Under the revised Federal Act on Medically Assisted Reproduction (RMA), embryos created by in vitro fertilisation can now undergo preimplantation genetic testing (PGT) in Switzerland. The performance of PGT raises practical and ethical questions. Medical-ethical recommendations on PGT were issued by the SAMS in 2020.
The fear of passing on a serious disease to a child places a considerable burden on the couples concerned. Under the revised Reproductive Medicine Act and the associated Ordinance, preimplantation genetic testing (PGT) has been permissible in Switzerland, under certain conditions, since 1 September 2017. PGT makes it possible to analyse embryos before they are transferred to the uterus, and to select an embryo which does not have a genetic predisposition to a specific disease. However, PGT can only be performed if the legally specified indications are present. These include the requirement that the hereditary disease must meet certain criteria and be sufficiently serious.
Under the legislation, PGT may also be employed in connection with infertility treatment. Here, the aim is not to prevent the transmission of a hereditary disease, but to screen embryos created by IVF for impaired developmental capacity. Counselling couples and deciding whether PGT can and should be performed in a particular case involves delicate ethical questions and requires a careful assessment.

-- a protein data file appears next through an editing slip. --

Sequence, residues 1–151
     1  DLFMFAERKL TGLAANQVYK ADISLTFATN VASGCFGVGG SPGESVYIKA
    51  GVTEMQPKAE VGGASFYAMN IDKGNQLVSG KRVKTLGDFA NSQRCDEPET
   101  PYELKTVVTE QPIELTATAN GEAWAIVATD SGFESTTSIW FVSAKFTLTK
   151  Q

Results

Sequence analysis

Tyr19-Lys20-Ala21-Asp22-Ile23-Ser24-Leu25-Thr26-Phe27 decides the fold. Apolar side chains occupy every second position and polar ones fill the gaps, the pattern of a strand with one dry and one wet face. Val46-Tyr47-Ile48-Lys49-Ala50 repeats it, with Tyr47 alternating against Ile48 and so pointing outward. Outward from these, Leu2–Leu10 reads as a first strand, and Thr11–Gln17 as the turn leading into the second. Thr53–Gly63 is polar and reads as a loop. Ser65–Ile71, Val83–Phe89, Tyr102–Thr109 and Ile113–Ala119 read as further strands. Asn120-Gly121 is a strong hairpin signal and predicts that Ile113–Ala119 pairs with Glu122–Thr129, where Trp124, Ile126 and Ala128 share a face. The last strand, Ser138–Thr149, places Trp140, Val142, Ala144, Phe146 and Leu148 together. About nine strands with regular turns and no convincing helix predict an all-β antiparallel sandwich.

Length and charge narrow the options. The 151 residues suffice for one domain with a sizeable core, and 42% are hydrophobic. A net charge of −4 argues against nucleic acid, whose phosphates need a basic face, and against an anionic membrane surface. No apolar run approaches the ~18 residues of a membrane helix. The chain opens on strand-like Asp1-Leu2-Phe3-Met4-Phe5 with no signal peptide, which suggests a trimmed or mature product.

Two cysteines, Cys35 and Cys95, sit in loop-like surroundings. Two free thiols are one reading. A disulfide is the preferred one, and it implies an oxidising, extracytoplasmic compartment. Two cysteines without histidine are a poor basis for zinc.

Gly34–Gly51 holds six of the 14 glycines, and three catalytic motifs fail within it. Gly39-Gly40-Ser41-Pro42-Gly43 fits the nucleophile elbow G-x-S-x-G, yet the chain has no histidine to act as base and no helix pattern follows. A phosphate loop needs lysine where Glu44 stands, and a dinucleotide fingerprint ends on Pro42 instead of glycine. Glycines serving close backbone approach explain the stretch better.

In the SAMS recommendations, both of these areas are covered – establishment of the indication for PGT for couples with hereditary diseases and the screening of embryos as part of infertility treatment. Other key topics include the management of surplus information, such as the sex of the embryo or health-related abnormalities which do not meet the legally specified criteria for indication of PGT.
The recommendations discuss, from an ethical perspective, important aspects of the PGT counselling and decision-making situation, with the aim of contributing to the harmonisation of Good Clinical Practice at all fertility centres in Switzerland. The SAMS recommendations are endorsed by the Swiss Societies of Reproductive Medicine (SGRM), Obstetrics and Gynecology (SGGG), and Medical Genetics (SGMG).
In June 2022, the National Advisory Commission on Biomedical Ethics (NCE) published guidelines that specify the legal framework for PGT (in French). The NCE refers in part to the recommendations of the SAMS, but comes to different conclusions on a few points, particularly with regard to the management of surplus information. The SAMS, on the other hand, adheres to its medical-ethical recommendations of 2020: no new knowledge has been acquired that could lead to different conclusions in the ethical weighing of interests.